If you don’t sound the alarm, who will?

Last week the Australian Institute of Health and Safety (AIHS) National Conference contained some excellent speakers and one or two stinkers. (I will not be reporting on the last speaker of the conference, who spent his first ten minutes “roasting”. i.e. insulting the delegates!) Safe Work Australia’s Marie Boland was an important and informative speaker who nudged the occupational health and safety profession to be more active.

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OHS needs to face some moral questions

Regular readers may have noticed that I want to push the occupational health and safety (OHS) profession to think deeper and more broadly about their usually chosen career’s political and socio-economic context. The reasons for OHS’ overall lack of success in making work and workplaces safer and healthier are not only within those locations and activities but also in the limitations that many OHS people place on themselves.

More and more, I look outside the existing OHS research and trends for explanations of why OHS is treated shabbily by employers and corporations and, sometimes, the government. A new book on Growth by Daniel Susskind is helping in this quest. Below is an extract from the book that, I think, helps explain some of OHS’ predicament.

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We deserve new OHS ideas, research, initiatives, strategies, epiphanies and enlightenment

This week, the Australian Institute of Health and Safety (AIHS, formerly the Safety Institute of Australia) is hosting its national conference in Melbourne, Australia. The heyday of occupational health and safety (OHS) conferences seems to have passed in Australia as, perhaps, was confirmed by the varying responses to last year’s World Congress on Safety and Health at Work. But expectations for this week’s conference are high; at least mine are.

But are those expectations too high? There is a direct competitor for OHS ears and eyes (no matter the arguments) in the same building at the same time, the Workplace Health and Safety Show. The AIHS Conference needs to work hard to retain its prominence and, most importantly, its influence. It is worth reflecting on how this messy situation came about.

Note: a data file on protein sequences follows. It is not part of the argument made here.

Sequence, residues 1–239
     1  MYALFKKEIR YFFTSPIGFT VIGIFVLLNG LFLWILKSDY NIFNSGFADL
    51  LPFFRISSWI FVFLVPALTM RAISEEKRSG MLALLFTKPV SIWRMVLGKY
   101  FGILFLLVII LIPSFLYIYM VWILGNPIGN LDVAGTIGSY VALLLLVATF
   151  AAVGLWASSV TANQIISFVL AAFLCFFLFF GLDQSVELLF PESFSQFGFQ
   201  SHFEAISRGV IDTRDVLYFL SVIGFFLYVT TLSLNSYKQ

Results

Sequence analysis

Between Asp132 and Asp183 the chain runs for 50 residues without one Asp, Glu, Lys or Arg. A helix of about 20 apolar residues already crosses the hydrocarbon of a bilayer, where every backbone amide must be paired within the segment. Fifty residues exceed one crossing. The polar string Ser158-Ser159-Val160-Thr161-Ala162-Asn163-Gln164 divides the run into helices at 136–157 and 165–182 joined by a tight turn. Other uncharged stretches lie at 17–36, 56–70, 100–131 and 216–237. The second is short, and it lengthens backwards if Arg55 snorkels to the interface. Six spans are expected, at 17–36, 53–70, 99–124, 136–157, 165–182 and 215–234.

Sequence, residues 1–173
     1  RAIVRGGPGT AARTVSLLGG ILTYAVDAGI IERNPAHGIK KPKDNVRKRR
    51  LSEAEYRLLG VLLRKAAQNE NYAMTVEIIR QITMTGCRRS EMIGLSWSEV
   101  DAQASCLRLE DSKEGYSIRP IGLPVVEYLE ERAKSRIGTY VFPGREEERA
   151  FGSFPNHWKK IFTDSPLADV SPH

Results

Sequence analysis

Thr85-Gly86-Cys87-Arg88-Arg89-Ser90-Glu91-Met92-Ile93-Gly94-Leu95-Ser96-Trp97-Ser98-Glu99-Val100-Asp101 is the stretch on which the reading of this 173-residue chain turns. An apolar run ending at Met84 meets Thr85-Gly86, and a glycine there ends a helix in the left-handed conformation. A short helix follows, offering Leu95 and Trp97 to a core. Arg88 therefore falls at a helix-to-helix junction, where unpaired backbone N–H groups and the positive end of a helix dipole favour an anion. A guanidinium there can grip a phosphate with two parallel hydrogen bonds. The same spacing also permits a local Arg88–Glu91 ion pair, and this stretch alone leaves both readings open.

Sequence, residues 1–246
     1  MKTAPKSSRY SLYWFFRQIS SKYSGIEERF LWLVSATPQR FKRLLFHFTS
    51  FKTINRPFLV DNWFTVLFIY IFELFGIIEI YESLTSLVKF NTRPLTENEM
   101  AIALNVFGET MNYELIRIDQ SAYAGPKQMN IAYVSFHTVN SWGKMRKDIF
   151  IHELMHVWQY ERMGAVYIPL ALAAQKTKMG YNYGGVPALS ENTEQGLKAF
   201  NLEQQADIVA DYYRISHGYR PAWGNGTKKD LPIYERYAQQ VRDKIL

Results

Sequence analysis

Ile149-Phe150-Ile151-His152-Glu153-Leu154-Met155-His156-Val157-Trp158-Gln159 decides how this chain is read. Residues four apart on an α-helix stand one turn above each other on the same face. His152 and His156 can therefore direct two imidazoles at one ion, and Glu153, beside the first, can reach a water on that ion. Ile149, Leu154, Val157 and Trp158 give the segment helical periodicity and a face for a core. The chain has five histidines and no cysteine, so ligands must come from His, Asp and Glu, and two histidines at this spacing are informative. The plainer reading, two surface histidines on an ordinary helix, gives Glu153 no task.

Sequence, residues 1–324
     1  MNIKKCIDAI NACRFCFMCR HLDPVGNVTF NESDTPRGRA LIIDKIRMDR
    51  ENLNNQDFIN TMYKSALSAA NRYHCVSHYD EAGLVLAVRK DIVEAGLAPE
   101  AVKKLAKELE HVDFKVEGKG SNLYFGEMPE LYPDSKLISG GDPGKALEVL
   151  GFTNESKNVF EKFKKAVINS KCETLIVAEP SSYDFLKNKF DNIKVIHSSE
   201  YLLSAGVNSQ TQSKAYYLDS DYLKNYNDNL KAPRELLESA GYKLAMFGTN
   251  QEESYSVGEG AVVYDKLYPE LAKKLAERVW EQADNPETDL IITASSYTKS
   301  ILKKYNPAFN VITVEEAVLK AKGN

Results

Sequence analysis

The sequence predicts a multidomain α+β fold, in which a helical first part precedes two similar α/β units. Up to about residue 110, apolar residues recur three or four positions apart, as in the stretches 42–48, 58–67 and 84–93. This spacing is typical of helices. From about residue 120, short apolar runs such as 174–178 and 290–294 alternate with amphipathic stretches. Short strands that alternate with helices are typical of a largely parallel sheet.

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Evaluating the effectiveness of OHS interventions and programs

Last month, an extraordinary document appeared – “Evaluating OH&S Interventions: A WorkSafe Victoria Intervention Evaluation Framework 2023 (2nd Ed.).” Its extraordinariness comes from its appearance with no fanfare or promotion; it is a second edition of something published in 2004 (which I cannot recollect), it has authoritative authors, and it is a document many have been asking for.

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Hazard over Harm?

The Australian Institute of Health and Safety has been dropping new chapters of its Occupational Health and Safety (OHS) Body of Knowledge for many years. The latest revised chapter is titled “Hazard as a Concept“. This process is a good way of keeping some OHS information fresh, but it could be fresher and have a broader knowledge base or even greater engagement with OHS professionals.

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WHO says burnout is occupational, but at least one psychologist says WHO is wrong

The cover story of the February 2024 edition of Psychology Today is less a story than a collection of short pieces on mental health and burnout. This blog may seem unfairly critical of much of the psychological discussion on burnout but this is largely because the World Health Organisation (WHO) has defined burnout as an occupational phenomenon and “is not classified as a medical condition”. The popular literature on mental health and its workplace context almost entirely overlooks these two elements – a literature that is often the first destination for people trying to understand their workplace distress. Sometimes, popular literature is unhelpful.

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